Kicking off the four song EP is the rerelease of the title track. About to Die is a quirky and strange tune and is the perfect opener to the mini album. This is a track that tells you everything you need to know about the band’s musical sensibilities. The song has a great experimental feel to it where an almost reggae feel to the bass and percussion support a smooth vocal melody that rises and falls all over the place. Don’t let the title deceive you, About To Die is a cheery sounding tune and triumphant in tone.

From here we move to While You’re Here and the experimental sound isn’t finished yet. This song builds off of a string instrumentation that hovers on the edge of discordance without ever quite plunging over. Added to this is a vocal line that moves all over the place. This song isn’t soothing background music, yet it remains oddly compelling sounding almost like a plea to the song’s audience.

Washed out guitars and a strong bass line are the sounds that capture my ear on Here Til It Says I’m Not. Vocally, it feels that this is where Dave Longstreth really lets himself cut loose. His melody moves all over the place with all his usual flourishes and embellishments but when he gets to the chorus it grabs your attention and refuses to let go.

The EP finishes on what is perhaps the most conventional of the songs, Simple Request. The acoustic guitar, the drums, the reverbed vocals…all of this feels like a song with retro 60s roots. Unfortunately, by this point I’ve become used to the risk taking musical adventures of The Dirty Projectors and this feels a bit disappointing. A song that is fine by its own merits but doesn’t quite match the level of the previous tracks. In comparison it is left a little bland.

All in all, About To Die is an impressive EP that stands as a cheap and worthwhile introduction for new listeners. The band is quirky, and strange, but I will be damned if that change isn’t refreshing.

The Mary Onettes premiere “Evil Coast” video & share full album details

“True to its name, the song sounds dark but buoyant, riding an easy bounce that sounds almost balearic despite the apparent and luxurious malaise that consumes the tune.”-PITCHFORK

“…wonderfully mournful, melancholic, gorgeous, impeccably constructed indie pop.” STEREOGUM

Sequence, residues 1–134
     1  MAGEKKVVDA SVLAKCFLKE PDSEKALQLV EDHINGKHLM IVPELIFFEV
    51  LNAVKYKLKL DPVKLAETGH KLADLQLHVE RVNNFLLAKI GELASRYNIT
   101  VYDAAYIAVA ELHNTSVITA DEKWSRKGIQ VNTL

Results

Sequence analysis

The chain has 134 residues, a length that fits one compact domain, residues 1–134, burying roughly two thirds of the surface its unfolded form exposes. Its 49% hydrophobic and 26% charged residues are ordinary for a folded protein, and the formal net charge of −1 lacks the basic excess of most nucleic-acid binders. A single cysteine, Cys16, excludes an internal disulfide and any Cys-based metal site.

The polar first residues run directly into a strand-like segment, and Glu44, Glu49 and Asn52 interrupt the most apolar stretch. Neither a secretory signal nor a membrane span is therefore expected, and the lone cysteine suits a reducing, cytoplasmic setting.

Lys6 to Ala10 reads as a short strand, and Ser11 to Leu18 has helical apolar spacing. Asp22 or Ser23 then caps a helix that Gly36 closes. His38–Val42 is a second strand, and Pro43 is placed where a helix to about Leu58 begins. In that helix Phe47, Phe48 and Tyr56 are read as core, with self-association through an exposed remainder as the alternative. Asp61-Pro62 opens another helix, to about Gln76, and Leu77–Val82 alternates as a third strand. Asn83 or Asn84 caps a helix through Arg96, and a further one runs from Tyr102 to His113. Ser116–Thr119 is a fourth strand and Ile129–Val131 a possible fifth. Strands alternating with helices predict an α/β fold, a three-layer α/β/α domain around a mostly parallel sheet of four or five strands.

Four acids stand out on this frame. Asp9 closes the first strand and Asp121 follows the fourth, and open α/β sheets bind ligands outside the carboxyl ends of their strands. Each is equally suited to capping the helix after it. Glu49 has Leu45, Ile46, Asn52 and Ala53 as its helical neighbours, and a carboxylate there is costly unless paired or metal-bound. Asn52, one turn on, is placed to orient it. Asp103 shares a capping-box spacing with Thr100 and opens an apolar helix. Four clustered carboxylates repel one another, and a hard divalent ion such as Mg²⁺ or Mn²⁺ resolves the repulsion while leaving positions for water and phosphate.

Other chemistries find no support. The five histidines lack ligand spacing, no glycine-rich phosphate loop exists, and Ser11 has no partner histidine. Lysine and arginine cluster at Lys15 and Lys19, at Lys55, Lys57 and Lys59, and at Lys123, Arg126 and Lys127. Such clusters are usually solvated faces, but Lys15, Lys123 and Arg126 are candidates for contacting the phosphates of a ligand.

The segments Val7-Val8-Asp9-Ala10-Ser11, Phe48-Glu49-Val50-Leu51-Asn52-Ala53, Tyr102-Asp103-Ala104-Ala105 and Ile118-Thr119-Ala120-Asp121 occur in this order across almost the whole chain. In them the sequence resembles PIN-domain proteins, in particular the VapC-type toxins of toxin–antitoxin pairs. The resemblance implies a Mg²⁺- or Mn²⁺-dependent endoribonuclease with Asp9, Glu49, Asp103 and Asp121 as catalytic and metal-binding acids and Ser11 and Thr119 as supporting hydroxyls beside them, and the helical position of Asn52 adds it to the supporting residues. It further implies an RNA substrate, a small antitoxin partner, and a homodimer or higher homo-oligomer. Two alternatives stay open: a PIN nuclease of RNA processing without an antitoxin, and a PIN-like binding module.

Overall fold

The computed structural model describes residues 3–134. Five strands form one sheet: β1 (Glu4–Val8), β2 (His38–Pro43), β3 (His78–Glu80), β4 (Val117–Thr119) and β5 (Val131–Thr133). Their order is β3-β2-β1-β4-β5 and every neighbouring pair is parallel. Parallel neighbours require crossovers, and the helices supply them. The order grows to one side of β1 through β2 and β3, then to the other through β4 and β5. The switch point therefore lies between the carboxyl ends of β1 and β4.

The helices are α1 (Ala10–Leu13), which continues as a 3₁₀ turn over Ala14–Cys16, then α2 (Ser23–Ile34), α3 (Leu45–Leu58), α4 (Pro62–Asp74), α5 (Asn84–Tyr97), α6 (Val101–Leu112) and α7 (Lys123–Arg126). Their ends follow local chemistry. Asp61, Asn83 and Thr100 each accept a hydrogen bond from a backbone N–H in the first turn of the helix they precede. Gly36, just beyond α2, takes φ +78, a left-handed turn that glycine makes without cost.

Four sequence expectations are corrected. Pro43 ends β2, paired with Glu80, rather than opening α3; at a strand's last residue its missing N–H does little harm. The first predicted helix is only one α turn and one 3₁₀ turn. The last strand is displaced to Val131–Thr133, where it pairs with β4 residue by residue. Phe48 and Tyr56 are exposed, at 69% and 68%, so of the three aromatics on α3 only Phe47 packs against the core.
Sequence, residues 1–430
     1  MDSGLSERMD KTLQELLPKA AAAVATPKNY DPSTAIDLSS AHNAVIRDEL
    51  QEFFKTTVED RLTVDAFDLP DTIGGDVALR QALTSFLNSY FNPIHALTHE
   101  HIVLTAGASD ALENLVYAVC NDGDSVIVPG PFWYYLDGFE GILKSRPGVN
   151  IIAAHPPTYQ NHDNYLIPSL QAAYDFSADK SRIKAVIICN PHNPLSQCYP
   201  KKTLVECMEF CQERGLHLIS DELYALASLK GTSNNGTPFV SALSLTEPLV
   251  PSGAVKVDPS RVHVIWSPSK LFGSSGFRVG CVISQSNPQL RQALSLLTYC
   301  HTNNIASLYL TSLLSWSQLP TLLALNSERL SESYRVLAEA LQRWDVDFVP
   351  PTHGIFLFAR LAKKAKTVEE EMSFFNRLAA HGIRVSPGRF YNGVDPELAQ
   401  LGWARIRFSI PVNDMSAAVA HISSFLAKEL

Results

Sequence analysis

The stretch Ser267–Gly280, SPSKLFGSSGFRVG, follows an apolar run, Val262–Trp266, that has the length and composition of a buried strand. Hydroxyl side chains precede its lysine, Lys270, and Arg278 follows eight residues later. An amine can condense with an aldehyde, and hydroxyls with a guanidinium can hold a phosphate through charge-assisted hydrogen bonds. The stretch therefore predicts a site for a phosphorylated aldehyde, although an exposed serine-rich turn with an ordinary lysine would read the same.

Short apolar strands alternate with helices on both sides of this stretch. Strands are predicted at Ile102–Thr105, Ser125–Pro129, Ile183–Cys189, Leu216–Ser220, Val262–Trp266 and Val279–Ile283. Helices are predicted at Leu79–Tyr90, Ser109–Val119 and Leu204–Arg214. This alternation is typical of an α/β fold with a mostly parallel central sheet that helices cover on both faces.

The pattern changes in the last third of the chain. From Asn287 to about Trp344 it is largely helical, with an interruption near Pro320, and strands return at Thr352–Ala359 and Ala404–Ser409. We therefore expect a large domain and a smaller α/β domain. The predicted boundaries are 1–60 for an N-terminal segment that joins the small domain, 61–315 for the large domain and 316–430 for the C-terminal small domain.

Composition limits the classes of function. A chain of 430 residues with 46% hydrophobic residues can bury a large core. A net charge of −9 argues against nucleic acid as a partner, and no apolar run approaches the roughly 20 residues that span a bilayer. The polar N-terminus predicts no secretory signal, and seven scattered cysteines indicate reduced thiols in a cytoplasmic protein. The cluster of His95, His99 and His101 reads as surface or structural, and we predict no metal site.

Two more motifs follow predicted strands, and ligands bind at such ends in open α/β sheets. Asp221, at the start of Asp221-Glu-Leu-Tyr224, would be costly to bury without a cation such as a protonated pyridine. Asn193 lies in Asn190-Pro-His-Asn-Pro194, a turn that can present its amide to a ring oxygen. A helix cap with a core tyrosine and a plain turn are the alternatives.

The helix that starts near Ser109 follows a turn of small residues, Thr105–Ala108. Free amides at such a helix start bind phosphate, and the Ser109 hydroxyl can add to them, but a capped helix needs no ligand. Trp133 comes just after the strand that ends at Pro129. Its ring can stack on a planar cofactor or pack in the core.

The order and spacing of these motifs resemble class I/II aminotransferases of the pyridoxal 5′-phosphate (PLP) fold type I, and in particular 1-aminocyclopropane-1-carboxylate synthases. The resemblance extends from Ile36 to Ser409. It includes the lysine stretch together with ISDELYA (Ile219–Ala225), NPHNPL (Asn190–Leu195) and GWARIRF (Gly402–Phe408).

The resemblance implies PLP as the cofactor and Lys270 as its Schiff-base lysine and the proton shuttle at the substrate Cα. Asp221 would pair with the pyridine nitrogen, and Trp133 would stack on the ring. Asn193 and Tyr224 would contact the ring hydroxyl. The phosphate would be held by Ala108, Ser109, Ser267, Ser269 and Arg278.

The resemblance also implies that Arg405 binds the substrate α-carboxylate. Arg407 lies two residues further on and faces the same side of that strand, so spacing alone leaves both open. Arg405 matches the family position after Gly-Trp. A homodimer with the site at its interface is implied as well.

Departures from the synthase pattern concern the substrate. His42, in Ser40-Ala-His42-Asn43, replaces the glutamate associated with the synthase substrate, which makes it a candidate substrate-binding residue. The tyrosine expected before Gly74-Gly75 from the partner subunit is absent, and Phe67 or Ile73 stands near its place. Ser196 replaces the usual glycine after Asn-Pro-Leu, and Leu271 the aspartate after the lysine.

“Evil Coast” – the first single from Hit the Waves has been getting rave reviews and quickly placed at #1 on the Hype Machine charts. Today the band shares the official music video for the track, via the Guardian, as well as the album cover art and track list for Hit The Waves, out March 12, 2013.

VIDEO: “Evil Coast”

STREAM: “Evil Coast” (Radio Edit) –

The Mary Onettes went into the studio determined to create something different from the previous albums. Breaking new ground can be a scary thing and the band admits that a great deal of anxiety and confusion followed. Singer Philip Ekström claims he found inspiration in everything from Vangelis to Whitney Houston(!) during the recording process.

Hit the Waves was produced by Dan Lissvik (Studio, The Embassy, Young Galaxy etc.). This is the first time The Mary Onettes works with an outside producer and the process has been everything but smooth. Conflicts and artistic differences have created a dynamic and hypnotic blend. The result is nothing less than brilliant – The Mary Onettes’ most interesting album to date.

The band has released two previous albums – The Mary Onettes (2007) and Islands (2009), toured around the world and been featured in major TV-series.
Hit The Waves is out worldwide on March 12th 2013.

The Mary Onettes
Evil Coast
Street Date: November 27, 2012

A: “Evil Coast”

The Mary Onettes
Hit The Waves
Street Date: March 12, 2013

1. Intro
2. Evil Coast
3. Hit the Waves
4. Years
5. Don’t Forget (to Forget about me)
6. Black Sunset
7. Blues
8. Can’t Stop the Aching
9. Unblessed
10. How it all Ends